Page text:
Range of health professionals engaged in a meeting, reviewing data on a laptop

New capital investment plan key to NHS digital revolution

Virtually all aspects of the NHS have shifted in some capacity as a result of the coronavirus pandemic, but perhaps none more so than in the digital sphere. Upgrading IT infrastructure has become a key, and often necessary, objective for NHS trusts and bodies, but who face already strained capital funding budgets.

So, how do they manage to overcome these challenges and ensure continued, transformative care for all who use or are impacted by their services?

One suggestion from NHS Confederation’s Chief Executive Danny Mortimer is for Government to issue a clear commitment to a detailed, longer-term plan for capital investment across the entirety of the NHS.

Responding to a report by the Public Accounts Committee, entitled Digital transformation in the NHS, Mr Mortimer said: “Health leaders tell us that the response to the Covid-19 pandemic has seen a digital revolution with the creation of shared care records, a wholescale shift of GP appointments to telephone and online, and the rapid adoption of video-based outpatient and follow-up appointments, alongside continuing to provide face-to-face services where needed.

“Patients and frontline healthcare workers have responded well to these new ways of accessing healthcare but our members need support to take them further, particularly around infrastructure improvements and up to date equipment.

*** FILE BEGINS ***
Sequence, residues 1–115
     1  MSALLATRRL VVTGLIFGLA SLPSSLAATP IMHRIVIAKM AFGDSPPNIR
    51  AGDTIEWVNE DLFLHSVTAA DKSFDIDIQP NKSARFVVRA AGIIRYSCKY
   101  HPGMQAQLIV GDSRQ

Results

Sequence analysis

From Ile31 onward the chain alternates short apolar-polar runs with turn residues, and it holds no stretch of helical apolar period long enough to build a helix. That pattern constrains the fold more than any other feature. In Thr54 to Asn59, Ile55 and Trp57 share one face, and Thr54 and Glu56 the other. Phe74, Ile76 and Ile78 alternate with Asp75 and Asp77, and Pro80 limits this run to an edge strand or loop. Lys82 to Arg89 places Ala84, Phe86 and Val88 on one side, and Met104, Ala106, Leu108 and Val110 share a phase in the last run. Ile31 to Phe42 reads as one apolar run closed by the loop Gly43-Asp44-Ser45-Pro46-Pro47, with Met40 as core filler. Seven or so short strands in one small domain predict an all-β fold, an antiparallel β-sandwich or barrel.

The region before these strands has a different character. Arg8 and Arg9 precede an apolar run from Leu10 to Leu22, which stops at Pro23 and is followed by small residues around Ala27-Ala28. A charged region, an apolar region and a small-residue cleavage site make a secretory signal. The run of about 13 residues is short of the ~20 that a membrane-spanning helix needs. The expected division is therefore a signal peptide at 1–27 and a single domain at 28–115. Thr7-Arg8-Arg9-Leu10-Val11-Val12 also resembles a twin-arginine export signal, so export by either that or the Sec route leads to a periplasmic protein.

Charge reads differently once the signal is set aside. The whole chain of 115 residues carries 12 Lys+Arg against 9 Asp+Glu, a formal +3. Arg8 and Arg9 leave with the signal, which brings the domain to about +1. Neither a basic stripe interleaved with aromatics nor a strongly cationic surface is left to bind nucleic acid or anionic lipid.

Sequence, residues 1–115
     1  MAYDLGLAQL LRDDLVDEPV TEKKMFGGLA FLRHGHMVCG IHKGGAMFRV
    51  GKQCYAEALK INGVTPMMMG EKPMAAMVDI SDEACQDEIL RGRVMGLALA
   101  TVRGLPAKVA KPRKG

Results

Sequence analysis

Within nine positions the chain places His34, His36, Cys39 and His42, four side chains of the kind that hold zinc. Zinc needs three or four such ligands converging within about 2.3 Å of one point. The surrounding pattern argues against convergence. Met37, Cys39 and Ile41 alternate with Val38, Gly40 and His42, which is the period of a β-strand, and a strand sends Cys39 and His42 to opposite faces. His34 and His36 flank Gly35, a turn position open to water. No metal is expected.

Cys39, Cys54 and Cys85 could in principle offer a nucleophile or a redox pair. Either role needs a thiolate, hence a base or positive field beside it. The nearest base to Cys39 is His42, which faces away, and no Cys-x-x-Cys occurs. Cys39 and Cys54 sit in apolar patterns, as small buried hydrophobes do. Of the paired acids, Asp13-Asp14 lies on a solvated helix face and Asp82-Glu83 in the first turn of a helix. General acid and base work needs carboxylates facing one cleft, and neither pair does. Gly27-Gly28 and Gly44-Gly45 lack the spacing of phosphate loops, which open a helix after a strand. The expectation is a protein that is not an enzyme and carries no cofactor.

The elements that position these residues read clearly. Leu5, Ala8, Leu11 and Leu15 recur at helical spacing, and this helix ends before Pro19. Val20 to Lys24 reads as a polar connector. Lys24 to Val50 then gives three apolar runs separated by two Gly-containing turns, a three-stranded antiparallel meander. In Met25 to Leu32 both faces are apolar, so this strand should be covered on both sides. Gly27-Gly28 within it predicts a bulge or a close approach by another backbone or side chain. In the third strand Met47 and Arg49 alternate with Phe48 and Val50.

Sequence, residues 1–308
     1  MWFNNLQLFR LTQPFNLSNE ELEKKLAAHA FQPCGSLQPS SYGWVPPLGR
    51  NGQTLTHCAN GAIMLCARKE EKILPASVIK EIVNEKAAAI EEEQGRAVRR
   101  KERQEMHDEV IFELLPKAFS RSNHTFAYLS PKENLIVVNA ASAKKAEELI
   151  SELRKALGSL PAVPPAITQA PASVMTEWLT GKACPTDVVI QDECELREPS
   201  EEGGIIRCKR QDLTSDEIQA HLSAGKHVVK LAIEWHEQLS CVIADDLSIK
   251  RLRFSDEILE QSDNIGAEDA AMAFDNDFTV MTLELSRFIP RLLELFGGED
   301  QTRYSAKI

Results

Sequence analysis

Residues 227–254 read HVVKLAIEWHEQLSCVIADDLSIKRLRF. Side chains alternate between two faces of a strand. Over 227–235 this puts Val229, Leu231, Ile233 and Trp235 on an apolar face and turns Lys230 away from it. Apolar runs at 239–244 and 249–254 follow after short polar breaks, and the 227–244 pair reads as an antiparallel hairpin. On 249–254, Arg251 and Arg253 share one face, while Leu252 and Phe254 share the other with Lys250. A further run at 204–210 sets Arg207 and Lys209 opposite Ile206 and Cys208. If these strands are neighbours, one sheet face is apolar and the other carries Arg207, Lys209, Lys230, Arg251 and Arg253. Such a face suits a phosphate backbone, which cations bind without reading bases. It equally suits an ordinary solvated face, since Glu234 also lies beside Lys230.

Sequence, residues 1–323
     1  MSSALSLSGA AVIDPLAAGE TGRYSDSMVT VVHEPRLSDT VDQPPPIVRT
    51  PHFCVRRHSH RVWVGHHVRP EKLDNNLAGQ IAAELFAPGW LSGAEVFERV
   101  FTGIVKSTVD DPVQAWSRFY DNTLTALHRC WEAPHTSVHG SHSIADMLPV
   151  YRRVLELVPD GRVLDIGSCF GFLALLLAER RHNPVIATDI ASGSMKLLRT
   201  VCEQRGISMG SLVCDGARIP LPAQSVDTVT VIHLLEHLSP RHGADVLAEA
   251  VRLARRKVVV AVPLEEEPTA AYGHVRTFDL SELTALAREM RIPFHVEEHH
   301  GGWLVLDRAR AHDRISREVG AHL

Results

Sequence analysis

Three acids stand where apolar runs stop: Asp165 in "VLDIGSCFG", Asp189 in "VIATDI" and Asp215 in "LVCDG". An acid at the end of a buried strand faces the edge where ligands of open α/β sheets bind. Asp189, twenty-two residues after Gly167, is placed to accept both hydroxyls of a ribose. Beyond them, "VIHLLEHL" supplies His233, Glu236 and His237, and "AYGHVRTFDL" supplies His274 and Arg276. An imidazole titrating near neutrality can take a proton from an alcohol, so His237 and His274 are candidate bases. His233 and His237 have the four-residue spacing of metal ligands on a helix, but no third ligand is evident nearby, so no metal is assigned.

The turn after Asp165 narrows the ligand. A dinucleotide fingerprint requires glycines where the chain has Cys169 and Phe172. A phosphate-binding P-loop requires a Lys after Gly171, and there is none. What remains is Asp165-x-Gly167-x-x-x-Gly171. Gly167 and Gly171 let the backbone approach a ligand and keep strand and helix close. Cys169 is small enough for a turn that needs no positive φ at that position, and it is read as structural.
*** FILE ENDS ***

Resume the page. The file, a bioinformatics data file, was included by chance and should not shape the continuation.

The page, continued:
“In our recent survey, almost three-quarters of NHS leaders said they did not have enough capital funding to upgrade their infrastructure, including IT.

“Health leaders shouldn’t be expected to raid their limited capital budgets to support these developments and we need to see a commitment to greater financial support from the Chancellor’s one-year spending plan with a commitment to a proper longer-term plan for capital investment in all parts of the NHS, not just the repeatedly announced 40 hospitals.”

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The integration of new technology, such as using virtual outpatient appointments instead of face-to-face reviews of patients in the hospital. Adapting the ways in which our NHS workers serve people has been critical in continuing to provide high-quality treatment, a positive patient experience and preventing Covid-19 transmission during the pandemic. Our healthcare sector has the potential to transform the way we continue to provide essential services while also improving patient care. But how easy is the integration of these innovations into routine NHS practice?

On the 28th of October, at the NHE365 Virtual Hospitals & Technology Enabled Care online event, we will be discussing patient flow and experience, reducing waiting times, reducing the patient backlog and increasing technology adoption. Will you be attending? 

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